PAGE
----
April 6, 2016

Imagine the everyday burdens that accompany being a high school student —stress about grades, social anxiety of puberty and looming college admissions. For many, the idea of returning to high school is cringe-worthy, but not for 19-year-old Wildin Acosta. Acosta, a senior at Riverside High School on Rose of Sharon Road, is not fighting to […]

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UNC professor writes the story of the Wilmington Ten

By Rowland Givens

March 25, 2016

Last month, UNC professor Kenneth Janken presented his book, “Wilmington Ten,” to a group at the main branch of the Durham Public Library. The topic brought up strong emotions among some attendees. The Wilmington Ten is a case of nine men and one woman who were wrongfully convicted in 1972 of arson and conspiracy, and […]

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Neighborhood Improvement Services brings the city together

By Dominick Askew

  The City of Durham Department of Neighborhood Improvement Services, located at 101 City Hall Plaza, has five divisions to help keep the city regulated. The five divisions consist of code enforcement, community engagement, Impact team, human relations, and administration. Assistant Director of Neighborhood Improvement Services, Vonzennia Gore, says she thinks of NIS “as being […]

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Teen center will aim to keep kids off the streets

By Candice Craig

February 3, 2016

Fourteen-year-old Amiya Wilds was walking around outside of her neighborhood on Liberty Street with a couple of her friends, wishing there was something to do since the after-school program she attended in her neighborhood was stopped. “There’s not many kids out here,” Amiya said. “Everyone’s either moved or is locked up now. We’re bored.” Amiya […]

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PAC1: Evolving over the years

By Evan Owens

October 1, 2015

Long-time Northeast Central Durham residents have no trouble recalling a time in the ’90s when their community was at a crossroads. “Things were out of control,” William Thomas, 72, of Taylor Street remembers. “There was drug dealing and a lot of undesirable actions.”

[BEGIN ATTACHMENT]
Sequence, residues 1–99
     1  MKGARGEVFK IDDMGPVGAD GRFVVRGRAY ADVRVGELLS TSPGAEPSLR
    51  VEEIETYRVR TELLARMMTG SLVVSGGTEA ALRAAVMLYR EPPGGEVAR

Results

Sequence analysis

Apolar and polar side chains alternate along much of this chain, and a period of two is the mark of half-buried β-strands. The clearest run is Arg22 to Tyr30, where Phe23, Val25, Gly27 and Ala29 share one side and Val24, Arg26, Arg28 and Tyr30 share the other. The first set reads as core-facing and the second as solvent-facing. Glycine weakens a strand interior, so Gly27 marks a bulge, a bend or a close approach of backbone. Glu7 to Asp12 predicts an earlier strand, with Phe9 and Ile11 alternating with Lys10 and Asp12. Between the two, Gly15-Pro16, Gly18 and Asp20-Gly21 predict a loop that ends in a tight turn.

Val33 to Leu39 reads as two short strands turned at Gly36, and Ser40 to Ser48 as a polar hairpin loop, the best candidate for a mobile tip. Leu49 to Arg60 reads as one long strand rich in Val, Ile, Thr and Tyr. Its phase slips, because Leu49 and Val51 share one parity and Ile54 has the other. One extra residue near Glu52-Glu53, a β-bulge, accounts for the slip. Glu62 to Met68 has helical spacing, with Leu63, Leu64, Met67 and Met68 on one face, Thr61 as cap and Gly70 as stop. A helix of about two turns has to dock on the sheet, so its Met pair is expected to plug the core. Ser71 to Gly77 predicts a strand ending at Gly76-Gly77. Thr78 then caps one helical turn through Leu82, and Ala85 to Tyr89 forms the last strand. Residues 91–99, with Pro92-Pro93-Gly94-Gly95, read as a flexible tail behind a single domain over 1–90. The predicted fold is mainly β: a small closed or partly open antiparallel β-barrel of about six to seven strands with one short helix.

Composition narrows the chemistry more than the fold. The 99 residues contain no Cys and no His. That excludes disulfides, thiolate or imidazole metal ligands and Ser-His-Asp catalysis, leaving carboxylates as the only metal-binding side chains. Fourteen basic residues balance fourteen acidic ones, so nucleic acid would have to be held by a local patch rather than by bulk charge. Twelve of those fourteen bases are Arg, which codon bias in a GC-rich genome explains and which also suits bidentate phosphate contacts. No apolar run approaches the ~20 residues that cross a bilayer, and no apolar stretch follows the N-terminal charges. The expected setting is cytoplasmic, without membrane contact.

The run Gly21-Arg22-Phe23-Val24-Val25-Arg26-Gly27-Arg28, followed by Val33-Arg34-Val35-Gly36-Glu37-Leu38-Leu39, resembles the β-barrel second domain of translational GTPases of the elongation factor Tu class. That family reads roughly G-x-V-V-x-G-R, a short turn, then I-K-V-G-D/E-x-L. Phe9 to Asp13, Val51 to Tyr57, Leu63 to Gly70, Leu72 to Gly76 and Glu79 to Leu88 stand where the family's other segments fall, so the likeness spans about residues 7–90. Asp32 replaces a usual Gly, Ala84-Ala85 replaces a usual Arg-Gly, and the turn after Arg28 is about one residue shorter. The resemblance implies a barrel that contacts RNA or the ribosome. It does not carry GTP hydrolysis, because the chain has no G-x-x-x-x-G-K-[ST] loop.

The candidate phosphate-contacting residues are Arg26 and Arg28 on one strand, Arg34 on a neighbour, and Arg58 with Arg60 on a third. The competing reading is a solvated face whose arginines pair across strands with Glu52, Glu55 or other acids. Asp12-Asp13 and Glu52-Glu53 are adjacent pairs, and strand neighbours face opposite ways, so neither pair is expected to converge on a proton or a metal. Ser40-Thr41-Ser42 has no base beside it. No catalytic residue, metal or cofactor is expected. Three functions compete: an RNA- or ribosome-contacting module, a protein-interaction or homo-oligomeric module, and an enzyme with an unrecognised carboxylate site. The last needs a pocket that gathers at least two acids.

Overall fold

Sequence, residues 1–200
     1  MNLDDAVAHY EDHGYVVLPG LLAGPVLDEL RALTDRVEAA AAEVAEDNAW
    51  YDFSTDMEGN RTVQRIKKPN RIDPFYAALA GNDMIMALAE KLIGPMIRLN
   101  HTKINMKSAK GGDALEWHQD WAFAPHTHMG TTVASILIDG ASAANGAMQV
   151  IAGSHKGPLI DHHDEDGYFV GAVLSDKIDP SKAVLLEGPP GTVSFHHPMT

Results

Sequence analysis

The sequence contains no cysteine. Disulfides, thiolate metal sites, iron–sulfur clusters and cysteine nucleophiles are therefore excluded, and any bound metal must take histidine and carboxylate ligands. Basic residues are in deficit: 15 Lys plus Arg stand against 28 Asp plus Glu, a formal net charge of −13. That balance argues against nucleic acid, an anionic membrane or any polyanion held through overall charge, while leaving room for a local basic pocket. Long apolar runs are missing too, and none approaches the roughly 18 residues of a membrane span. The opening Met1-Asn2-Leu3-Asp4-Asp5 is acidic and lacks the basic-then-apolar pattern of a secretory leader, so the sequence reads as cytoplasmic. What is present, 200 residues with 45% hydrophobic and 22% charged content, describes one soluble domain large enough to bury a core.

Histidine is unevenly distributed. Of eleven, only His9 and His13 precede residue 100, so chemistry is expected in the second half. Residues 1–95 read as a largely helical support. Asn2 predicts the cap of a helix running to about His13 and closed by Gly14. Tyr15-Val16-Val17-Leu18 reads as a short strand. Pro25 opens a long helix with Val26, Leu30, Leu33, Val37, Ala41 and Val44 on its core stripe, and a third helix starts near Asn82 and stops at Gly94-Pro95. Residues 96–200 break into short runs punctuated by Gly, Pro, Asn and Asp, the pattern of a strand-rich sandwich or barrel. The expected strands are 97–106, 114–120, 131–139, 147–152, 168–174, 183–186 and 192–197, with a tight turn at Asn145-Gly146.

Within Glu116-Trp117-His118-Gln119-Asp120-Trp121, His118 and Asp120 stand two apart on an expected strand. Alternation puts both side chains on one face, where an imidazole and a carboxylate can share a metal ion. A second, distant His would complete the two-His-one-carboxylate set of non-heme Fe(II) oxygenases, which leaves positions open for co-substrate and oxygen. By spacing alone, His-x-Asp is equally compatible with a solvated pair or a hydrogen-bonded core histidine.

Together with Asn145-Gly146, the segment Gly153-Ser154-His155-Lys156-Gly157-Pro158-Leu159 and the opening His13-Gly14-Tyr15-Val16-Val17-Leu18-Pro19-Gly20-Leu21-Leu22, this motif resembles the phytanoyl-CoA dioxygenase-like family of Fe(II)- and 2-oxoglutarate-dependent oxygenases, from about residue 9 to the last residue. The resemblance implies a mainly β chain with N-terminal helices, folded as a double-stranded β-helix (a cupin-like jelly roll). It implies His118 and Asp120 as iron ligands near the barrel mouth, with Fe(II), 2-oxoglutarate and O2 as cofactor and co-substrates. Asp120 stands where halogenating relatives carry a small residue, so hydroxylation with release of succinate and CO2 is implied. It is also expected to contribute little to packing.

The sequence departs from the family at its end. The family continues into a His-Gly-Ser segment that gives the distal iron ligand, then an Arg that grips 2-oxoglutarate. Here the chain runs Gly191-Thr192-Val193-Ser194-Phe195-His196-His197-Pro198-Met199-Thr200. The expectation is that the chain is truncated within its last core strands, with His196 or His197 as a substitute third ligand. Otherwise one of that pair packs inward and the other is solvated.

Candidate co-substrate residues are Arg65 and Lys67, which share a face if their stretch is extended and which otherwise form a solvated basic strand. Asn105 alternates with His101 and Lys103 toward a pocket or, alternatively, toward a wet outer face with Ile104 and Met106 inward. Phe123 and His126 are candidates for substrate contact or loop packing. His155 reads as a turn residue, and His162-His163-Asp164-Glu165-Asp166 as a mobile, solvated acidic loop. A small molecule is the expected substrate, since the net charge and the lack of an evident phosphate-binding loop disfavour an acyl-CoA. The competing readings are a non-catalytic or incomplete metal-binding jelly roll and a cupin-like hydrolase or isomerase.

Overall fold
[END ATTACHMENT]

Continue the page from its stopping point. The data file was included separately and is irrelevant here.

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Speaking up for solar energy in Durham Public Schools

By Parth Shah

April 15, 2015

It’s nearly five o’clock on a warm April day. While her classmates are outside enjoying the weather, Southern High School junior Kearra Bryant is spending her afternoon indoors. Today, April 9, is the Durham Public Schools Board of Education meeting, and Bryant has something to say.

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Minority males come together at city summit

By LaMon Jones

February 23, 2015

  I recently heard about the My Brother’s Keeper events being hosted by Durham from someone close to me. It sounded interesting enough so I decided to check it out. I wanted to be able to tell my story to other kids like me, as well as hear their stories. I was hoping I could […]

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Southside continues to make a comeback

By Caroline Hudson

February 18, 2015

Marie Hunter has lived in the Southside neighborhood for more than 60 years. She said remembers when it was called St. Teresa and was full of family homes with children playing in the yard. But that’s no longer the case. “I just get tired of people saying bad things,” she said. “They put a bad […]

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Summit Kicks Off Durham’s Work on Obama’s My Brother’s Keeper Initiative

By Mark Lihn

December 1, 2014

In September, President Obama challenged communities to address opportunity gaps faced by boys and young men of color, and now Durham is responding. Obama’s initiative, My Brother’s Keeper (MBK), encourages communities to create strategies to help all young men reach their full potential in college or career paths, according its White House website. The Nov. […]

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New Initiative REAL Durham Fights Poverty

By Mark Lihn

November 12, 2014

An initiative to help those in poverty fight it and its negative effects has come to Northeast Central Durham. REAL (Relationships Equipping Allies and Leaders) Durham is a collaboration between a host of agencies: End Poverty Durham, Durham Congregations in Action, East Durham Children’s Initiative, Healthy Families Durham and the Durham Economic Resource Center, REAL […]